"Bummer!" said Rosalind. "Sara was a lot of fun."
We watched Jody and Dawn staggering around the playground with their arms around each other's shoulders. They were pretending that Jody's right leg was tied to Dawn's left one, and they ended up giggling on the ground.
"We didn't know how much we'd miss Sara until she was gone," I said. Just like I didn't know how much I'd miss my mother until after she died, I guess. I should have enjoyed Sara as much as I could while she was still around. I decided to concentrate on Rosalind. She could make me laugh as much as Sara.
"Say something funny," I told her.
Rosalind wrinkled up her nose. "You can't just tell someone to be funny," she said. "It's only funny when you're not expecting it."
"Okay, I'll think about something else, and when I'm not expecting it, make me laugh," I said.
We were quiet for a moment.
"Donald Sheavers pulls snot," said Rosalind.
"What?" I cried. "Rosalind, that's not funny, it's gross!"
But she went right on. "You know how it is when you're getting over a cold and the snot gets thick as glue?"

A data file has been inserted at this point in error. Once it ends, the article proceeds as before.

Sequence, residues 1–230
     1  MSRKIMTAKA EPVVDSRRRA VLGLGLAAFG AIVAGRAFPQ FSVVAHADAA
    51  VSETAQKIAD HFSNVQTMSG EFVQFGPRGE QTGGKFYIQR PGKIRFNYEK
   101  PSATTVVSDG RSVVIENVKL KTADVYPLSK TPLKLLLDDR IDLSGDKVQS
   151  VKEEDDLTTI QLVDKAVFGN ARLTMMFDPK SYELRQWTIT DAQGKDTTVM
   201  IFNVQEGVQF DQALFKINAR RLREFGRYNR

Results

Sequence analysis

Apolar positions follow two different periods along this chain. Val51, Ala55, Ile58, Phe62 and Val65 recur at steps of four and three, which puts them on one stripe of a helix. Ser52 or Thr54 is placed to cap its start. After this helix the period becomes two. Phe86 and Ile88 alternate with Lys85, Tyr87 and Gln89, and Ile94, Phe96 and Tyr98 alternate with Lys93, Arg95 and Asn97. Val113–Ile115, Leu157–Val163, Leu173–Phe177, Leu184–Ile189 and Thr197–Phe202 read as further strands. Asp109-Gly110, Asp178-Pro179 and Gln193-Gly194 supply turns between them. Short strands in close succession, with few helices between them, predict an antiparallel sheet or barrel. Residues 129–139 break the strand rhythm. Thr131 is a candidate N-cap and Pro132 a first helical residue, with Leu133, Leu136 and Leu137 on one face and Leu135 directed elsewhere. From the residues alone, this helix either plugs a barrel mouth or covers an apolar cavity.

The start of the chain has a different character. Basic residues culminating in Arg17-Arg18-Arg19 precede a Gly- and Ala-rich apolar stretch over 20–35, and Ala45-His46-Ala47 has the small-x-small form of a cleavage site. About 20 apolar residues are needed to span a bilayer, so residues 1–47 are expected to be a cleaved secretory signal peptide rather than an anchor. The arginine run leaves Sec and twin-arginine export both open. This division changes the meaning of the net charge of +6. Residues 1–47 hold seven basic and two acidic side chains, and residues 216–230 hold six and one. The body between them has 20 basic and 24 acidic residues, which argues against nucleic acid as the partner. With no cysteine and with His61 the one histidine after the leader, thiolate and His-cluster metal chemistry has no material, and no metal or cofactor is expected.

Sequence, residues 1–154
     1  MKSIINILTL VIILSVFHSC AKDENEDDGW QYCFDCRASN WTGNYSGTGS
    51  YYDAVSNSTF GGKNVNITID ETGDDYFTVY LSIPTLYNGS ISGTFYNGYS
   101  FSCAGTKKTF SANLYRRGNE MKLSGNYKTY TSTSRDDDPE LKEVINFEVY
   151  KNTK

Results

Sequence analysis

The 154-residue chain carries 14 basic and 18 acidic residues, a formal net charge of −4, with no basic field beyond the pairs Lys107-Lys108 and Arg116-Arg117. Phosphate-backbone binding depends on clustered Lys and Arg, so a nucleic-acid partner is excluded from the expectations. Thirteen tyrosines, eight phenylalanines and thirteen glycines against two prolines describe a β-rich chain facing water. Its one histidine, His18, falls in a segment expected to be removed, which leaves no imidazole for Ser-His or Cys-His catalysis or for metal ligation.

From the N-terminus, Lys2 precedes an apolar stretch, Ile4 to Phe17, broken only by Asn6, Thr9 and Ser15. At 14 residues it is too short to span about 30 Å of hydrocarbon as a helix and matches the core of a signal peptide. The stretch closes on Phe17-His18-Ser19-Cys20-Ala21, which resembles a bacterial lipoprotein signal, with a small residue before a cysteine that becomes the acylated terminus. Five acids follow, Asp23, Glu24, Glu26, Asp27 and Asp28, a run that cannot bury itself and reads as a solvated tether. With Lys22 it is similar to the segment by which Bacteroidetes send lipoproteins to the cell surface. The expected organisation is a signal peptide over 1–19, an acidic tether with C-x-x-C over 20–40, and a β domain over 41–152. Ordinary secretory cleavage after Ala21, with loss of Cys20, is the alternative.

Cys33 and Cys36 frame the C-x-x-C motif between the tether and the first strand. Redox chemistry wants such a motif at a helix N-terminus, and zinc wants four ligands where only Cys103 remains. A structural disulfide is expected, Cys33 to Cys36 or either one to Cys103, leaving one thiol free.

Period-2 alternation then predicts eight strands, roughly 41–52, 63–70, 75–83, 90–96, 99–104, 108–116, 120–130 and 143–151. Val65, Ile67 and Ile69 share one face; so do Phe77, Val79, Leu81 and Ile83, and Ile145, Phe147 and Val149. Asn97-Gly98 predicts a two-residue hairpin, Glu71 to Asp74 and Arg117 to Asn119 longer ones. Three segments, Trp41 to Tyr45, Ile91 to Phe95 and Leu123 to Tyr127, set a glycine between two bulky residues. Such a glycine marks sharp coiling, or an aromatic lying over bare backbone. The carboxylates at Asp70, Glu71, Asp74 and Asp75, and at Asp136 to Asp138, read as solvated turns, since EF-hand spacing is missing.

"Rosalind!" I said again.
She wouldn't quit. "I saw him blowing his nose once, and every time he tried to grab the snot, it snapped back in like a rubber band."
"Euuuw!" I said.
Megan came up the walk just then. Everything about Rosalind is round, and everything about Megan is square. She dropped her backpack on the steps and sat down beside us.
"What were you talking about?" she asked.
"Snot," I said, and grinned.
"Oh!" said Megan, covering her ears.
"The rubber band kind that snaps back up your nostrils when you try to pull it out," said Rosalind.
"Stop it!" said Megan.
I laughed. "You did it," I said to Rosalind. "You made me laugh."
"You're welcome," said Rosalind.
When I walked home that afternoon with Donald Sheavers, I tried not to look at him. All I could think about was Donald having a cold. Donald blowing his nose.
We live next door to the Sheaverses, and Donald's mom used to take care of me on Tuesdays and Thursdays, but I don't have to go there anymore. And Lester doesn't have to come straight home from high school on Mondays, Wednesdays, and Fridays either, to look after me. The good thing about being in fifth grade is that I'm finally old enough to stay at home by myself.